Addressing a virtual press conference, Indonesian Ministry of Foreign Affairs spokesman, Teuku Faizasyah, said: “What we can emphasize here is that there was no interaction between officials of the two countries, because we do not have diplomatic relations.”

He pointed out that despite the lack of formal ties, people-to-people interactions had taken place, including Indonesian pilgrims visiting religious sites in Jerusalem.

“But between governments, let me emphasize there are no formal interactions,” he added. “Please differentiate things that are official in nature and business relations or people-to-people, which are out of the government’s hands.”

Faizasyah said Indonesia’s stance on the Palestinian issue remained unchanged and its government was actively working “for Palestinian independence under the frame of a two-state solution.”

Last year, the Israeli ambassador to Singapore said Tel Aviv would be willing to work toward establishing ties with southeast Asia’s Muslim-majority nations — Indonesia, Malaysia, and Brunei — in the wake of the UAE, Bahrain, Sudan, and Morocco agreeing to normalize relations with Israel under US-brokered deals.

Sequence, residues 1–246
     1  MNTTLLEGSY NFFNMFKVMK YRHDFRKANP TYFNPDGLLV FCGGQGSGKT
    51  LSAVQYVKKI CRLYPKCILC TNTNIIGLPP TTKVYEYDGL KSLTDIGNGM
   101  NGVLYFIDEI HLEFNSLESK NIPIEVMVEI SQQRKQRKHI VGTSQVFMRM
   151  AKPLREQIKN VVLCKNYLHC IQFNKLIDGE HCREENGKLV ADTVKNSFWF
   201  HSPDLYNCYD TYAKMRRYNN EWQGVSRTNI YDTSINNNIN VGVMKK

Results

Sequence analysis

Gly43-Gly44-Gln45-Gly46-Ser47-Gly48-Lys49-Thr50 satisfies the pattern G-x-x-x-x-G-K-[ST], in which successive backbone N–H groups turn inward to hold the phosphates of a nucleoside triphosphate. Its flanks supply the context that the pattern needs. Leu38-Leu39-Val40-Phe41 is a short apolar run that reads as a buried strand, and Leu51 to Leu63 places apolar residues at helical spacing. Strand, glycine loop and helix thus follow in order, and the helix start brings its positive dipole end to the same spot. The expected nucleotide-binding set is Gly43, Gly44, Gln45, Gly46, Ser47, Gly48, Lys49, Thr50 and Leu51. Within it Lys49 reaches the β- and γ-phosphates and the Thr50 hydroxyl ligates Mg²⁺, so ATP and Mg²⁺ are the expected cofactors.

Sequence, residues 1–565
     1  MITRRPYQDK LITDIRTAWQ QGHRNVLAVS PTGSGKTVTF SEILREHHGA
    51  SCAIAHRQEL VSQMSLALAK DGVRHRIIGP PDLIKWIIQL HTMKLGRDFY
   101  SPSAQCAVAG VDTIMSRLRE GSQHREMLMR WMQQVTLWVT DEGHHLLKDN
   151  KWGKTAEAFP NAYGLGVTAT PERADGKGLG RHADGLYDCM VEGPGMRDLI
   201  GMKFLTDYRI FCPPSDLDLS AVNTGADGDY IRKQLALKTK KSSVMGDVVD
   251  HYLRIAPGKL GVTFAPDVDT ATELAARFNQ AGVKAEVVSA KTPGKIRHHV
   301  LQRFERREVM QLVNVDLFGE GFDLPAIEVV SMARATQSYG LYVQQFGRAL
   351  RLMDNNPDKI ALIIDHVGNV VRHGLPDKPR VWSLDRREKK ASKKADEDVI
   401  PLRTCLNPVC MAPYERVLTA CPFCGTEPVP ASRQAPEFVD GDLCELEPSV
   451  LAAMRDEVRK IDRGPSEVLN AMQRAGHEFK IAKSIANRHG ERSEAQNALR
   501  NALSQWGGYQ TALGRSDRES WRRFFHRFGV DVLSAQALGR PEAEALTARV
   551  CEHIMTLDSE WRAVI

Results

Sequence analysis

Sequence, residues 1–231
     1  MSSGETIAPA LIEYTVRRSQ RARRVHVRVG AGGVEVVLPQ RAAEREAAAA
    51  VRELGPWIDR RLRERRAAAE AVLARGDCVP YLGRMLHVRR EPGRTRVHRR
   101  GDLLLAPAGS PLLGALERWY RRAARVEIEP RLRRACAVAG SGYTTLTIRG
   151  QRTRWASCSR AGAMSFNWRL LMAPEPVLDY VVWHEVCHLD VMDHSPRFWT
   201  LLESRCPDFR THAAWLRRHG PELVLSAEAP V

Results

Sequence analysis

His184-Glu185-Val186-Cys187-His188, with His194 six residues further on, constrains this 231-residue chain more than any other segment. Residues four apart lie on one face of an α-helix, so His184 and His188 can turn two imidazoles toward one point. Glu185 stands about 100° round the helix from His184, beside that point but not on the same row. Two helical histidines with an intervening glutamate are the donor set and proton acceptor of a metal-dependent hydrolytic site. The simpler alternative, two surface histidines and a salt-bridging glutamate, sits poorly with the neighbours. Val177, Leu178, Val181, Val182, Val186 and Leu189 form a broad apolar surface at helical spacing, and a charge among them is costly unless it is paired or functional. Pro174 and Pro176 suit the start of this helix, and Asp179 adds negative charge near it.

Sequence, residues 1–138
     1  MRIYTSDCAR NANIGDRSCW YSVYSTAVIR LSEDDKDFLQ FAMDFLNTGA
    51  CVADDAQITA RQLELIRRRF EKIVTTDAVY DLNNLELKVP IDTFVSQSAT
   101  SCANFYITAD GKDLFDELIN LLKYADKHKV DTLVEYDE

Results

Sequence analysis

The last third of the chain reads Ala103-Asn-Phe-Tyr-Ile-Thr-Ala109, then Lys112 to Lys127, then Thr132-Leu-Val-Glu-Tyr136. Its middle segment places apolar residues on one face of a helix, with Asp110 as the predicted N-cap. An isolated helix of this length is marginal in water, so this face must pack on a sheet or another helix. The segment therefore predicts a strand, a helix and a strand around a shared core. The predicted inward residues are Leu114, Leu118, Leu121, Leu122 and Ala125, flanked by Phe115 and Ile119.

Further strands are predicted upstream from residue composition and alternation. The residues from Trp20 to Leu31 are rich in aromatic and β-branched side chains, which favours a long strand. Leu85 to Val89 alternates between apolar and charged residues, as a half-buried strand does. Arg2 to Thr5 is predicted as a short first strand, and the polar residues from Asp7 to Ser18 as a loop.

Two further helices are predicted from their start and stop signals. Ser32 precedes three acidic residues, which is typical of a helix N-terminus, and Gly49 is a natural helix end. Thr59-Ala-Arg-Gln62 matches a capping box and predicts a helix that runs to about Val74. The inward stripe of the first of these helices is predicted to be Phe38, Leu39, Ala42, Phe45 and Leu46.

During a visit to Jakarta last month, US Secretary of State Antony Blinken discussed with Indonesian officials the possibility of normalization, a move Indonesia said it had declined to take.

“Indonesia’s foreign minister conveyed Indonesia’s consistent position toward Palestine, in which Indonesia will always stand with Palestine in the struggle for justice and independence,” Faizasyah said at the time.